President Anthony Carmona has weighed in on the controversial Constitution (Amendment) Bill, 2014, saying yesterday that “forays” into reform were to be expected from a young nation, but there was no room for “bull-headed partisanship”.
Carmona said the constitutional reform exercise must be done transparently as he stressed his own role in the process.
He reminded the population that he was not a “former politician” but a former judge who seeks counsel.
The President broke with tradition this year, choosing to address the nation in a toast yesterday, Independence Day, rather than issue a statement on the eve of the occasion.
With Independence Day falling just three days after the passage in the Senate of the contentious Bill, Carmona stated: “As a relatively young independent nation, we will experience growing pains.
“There will be lessons to learn. Our recent forays into constitutional reform are to be expected.
“These attempts to refresh the foundation of our nationhood must, however, be conducted in an atmosphere that is transparent, well-informed, inclusive, tolerant and driven by critical analysis. In this exercise there is no room for blasé statements and bull-headed partisanship,” he added.
“Change is the only constant and to turn one’s back and pretend that it is not coming is an exercise in futility. “Actively engaging in the discourse and discussion is the right of every citizen and the responsibility of every elected and appointed representative.”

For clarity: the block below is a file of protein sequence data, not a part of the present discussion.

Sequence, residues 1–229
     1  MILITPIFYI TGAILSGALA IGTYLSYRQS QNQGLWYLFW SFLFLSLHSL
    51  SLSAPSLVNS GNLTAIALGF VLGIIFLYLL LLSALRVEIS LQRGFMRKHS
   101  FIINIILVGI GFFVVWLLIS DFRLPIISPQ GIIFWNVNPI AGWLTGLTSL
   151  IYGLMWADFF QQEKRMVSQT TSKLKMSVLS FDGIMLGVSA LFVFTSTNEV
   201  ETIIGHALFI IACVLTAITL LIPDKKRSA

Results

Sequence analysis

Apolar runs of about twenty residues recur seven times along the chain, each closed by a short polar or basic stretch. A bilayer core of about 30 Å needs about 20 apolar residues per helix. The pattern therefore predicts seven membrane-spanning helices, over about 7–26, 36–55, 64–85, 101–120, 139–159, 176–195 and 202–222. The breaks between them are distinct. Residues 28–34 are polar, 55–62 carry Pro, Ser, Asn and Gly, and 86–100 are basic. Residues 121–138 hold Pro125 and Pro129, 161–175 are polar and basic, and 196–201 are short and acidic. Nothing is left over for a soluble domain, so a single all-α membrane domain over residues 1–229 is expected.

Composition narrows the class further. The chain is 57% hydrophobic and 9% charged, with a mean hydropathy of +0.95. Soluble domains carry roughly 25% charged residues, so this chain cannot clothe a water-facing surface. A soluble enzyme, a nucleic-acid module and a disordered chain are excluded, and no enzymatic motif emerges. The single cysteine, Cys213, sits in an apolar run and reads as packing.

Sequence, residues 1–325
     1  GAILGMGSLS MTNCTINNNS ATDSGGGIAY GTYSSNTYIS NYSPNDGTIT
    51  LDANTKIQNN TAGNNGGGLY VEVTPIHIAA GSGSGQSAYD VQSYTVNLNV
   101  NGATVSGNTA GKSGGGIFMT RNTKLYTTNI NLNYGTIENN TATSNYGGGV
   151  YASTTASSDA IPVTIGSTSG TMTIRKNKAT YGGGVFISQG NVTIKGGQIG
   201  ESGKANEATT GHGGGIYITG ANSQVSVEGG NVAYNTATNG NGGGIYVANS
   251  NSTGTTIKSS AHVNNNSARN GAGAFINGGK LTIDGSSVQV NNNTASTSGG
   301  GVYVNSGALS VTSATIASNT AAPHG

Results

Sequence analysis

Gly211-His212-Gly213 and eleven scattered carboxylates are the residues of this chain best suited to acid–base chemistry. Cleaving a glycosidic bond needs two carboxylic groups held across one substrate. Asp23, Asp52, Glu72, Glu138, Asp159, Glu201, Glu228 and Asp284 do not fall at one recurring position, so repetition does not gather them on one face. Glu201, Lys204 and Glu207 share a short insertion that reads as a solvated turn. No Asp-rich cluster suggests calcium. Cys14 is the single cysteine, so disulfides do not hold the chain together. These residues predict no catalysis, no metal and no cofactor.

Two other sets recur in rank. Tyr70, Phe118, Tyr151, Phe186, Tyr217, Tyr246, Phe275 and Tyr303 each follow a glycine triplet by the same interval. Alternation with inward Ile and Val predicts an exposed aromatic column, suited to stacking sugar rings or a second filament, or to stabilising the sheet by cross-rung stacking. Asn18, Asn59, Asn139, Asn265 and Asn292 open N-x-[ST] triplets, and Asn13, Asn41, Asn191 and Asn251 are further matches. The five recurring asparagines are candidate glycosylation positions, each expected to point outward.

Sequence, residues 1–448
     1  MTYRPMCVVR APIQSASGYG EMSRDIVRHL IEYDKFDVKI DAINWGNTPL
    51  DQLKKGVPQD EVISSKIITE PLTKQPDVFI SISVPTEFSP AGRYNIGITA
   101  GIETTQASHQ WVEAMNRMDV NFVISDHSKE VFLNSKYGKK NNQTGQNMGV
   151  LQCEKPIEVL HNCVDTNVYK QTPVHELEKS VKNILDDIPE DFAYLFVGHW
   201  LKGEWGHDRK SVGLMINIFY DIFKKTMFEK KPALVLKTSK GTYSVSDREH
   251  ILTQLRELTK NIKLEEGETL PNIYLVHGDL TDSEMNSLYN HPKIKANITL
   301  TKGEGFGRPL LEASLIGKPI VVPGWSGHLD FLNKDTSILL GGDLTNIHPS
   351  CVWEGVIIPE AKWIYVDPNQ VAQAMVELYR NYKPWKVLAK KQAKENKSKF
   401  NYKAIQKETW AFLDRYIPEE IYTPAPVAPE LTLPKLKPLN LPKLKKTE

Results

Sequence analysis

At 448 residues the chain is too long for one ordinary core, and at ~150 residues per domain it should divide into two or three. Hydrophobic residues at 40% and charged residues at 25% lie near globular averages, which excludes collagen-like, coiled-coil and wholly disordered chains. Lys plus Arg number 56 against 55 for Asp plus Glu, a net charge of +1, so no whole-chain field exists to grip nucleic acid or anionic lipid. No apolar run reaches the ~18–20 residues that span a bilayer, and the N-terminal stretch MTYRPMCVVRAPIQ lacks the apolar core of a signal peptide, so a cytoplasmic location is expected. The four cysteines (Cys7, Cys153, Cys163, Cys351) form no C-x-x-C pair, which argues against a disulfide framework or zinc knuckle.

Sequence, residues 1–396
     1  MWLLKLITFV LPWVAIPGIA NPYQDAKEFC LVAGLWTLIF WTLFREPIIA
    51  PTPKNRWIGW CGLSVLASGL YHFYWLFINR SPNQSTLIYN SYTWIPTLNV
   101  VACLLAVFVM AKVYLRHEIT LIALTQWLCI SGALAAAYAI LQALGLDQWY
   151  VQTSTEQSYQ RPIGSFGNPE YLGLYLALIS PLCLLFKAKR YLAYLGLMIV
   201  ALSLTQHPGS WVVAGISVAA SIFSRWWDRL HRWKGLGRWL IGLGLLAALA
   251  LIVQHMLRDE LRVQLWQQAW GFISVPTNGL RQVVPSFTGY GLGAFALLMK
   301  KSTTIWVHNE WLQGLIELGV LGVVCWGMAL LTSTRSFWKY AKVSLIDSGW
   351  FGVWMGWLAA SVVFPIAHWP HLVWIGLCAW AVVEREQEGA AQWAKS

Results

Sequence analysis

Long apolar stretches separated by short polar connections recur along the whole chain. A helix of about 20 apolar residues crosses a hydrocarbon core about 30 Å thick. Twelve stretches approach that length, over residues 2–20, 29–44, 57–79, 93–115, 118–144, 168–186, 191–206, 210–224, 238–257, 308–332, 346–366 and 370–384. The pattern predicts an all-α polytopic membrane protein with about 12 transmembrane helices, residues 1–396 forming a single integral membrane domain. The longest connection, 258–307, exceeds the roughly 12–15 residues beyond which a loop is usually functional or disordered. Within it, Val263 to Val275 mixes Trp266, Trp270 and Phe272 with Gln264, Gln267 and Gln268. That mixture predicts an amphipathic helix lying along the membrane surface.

Carmona also sent a message about the role of the President in the reform process.
“It is not lost on the Office of The President the role that the Head of State must play in constitutional reform concomitant with constitutional restraints and neutrality.”
He added: “The national community would do well to remember that the current Head of State is not a former politician but a former judge who seeks counsel.”
Government’s Constitution (Amendment) Bill, 2014--which was piloted by Prime Minister Kamla Persad-Bissessar in the Senate last Tuesday, the first time a PM has done so in the Upper House--has received criticism from several quarters.
Three provisions of the Bill have drew debate and criticism--a two-term limit for prime ministers; right of recall of MPs; and an election run-off clause that anti-Bill activists contend was foisted on the population without consultation.
Consultations on reform had been carried out by the Constitutional Reform Commission (CRC), headed by Legal Affairs Minister Prakash Ramadhar, but former CRC member, Dr Merle Hodge, claimed that the run-off clause was not discussed.
The Bill was passed with amendments in the Senate on Thursday night with a vote of 18 for and 12 against.
Independent Senators Dr Rolph Balgobin, Dr Dhanayshar Mahabir and David Small supported the Bill.
It required the support of one Independent.